NEA Chair: Obama most powerful writer since Caesar

Posted on October 27, 2009

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The new chair of the National Endowment for the Arts, Rocco Landesman, addressed grantmakers in a post on the official NEA website. He seems like a nice guy, but he makes a rather over-the-top and completely absurd comparison regarding our current President’s place in literary history:

My answer is pretty simple. There is a new president and a new NEA. The president first. This is the first president that actually writes his own books since Teddy Roosevelt and arguably the first to write them really well since Lincoln. If you accept the premise, and I do, that the United States is the most powerful country in the world, then Barack Obama is the most powerful writer since Julius Caesar. That has to be good for American artists.

Since Caesar? Really? Ed Morrissey, Power Line and the Corner remind us that Reagan, Nixon, Clinton, Eisenhower, and Wilson are just a few American Presidents of the 20th century to have written books before they came to office – to say nothing of world leaders in the intervening centuries since Rome. We really have to go back to Julius Caesar to find a writer with more power than Barack Obama?

Landesman acknowledges the political slant the NEA has taken in the eyes of many, and doesn’t seem to care:

To borrow a line from the Artist in Chief, I’m “fired up and ready to go.”Am I starting to sound like an advocate? Well, that seems to be a touchy subject. Some quote-unquote “journalists” have recently accused this agency of losing its independence and becoming a propaganda machine. While I want to state in no uncertain terms that the NEA is not a political agency and that when art becomes propaganda I lose all interest in it, I also want everyone to know that the days of a defensive NEA are over. We have a plan and we are going to, quote, “advocate” for it.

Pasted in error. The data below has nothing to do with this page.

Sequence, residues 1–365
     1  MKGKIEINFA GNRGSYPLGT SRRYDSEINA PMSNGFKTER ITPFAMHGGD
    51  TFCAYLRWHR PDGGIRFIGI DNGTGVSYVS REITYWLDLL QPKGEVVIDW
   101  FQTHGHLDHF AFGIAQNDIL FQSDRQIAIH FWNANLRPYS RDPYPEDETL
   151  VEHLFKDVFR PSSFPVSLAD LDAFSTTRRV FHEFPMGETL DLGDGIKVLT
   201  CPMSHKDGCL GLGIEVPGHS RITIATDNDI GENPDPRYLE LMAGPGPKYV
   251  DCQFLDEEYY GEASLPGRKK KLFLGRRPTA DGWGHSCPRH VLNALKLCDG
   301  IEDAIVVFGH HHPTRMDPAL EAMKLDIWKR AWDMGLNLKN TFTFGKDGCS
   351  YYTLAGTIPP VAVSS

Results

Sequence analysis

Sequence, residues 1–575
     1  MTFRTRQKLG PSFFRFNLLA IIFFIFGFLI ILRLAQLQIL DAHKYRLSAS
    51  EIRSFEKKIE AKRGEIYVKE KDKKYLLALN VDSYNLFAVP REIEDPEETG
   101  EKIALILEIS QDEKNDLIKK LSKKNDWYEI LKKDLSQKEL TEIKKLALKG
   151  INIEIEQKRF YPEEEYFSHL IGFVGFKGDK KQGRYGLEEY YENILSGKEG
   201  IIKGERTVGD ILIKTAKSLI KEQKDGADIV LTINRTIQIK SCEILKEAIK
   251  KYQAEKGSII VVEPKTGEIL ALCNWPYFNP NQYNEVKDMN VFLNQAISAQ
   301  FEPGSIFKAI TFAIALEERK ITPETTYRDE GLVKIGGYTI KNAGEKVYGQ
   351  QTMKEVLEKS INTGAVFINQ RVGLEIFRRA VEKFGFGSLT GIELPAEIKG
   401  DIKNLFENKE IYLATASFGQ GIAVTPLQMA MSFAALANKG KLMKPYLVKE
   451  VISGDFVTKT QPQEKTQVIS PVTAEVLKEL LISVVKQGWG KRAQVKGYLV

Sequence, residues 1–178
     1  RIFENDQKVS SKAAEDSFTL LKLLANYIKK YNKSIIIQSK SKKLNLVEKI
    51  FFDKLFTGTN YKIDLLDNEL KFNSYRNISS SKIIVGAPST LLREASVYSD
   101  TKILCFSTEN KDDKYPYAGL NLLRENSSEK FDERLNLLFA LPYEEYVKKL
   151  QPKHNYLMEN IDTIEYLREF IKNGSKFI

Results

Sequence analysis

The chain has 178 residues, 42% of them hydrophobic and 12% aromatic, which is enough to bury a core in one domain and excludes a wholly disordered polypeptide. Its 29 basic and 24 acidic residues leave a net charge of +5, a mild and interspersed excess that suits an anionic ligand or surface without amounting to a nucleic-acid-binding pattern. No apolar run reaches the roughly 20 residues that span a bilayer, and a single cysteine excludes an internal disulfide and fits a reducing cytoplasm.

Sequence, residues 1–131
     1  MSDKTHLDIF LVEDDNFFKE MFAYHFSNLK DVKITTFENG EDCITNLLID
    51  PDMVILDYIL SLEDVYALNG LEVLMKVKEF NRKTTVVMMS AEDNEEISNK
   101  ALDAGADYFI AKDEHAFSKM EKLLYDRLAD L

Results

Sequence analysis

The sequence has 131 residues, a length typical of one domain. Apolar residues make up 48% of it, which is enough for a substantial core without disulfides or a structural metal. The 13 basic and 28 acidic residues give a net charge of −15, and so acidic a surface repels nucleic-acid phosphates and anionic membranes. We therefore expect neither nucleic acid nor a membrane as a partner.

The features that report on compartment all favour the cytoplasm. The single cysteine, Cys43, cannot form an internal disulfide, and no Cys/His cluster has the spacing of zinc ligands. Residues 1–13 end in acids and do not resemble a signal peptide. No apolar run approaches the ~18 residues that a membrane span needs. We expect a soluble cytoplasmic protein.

In the grand scheme of things, it’s not worth a lot of heartburn, and it’s no secret that the majority of artists are liberal, and personally espousing those views is fine with me. But it is a curious juxtaposition to see an NEA chair on one hand acknowledge that there’s a groundless belief that the NEA has an organizational bias and then turn around and give such hyperbolic praise to his favorite politician. Coupled with the conference call with the White House that seemed to lay the groundwork for collaboration between the two entities, is it that hard to believe that some conservatives might have a few reservations about the NEA?

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Posted in: News, Politics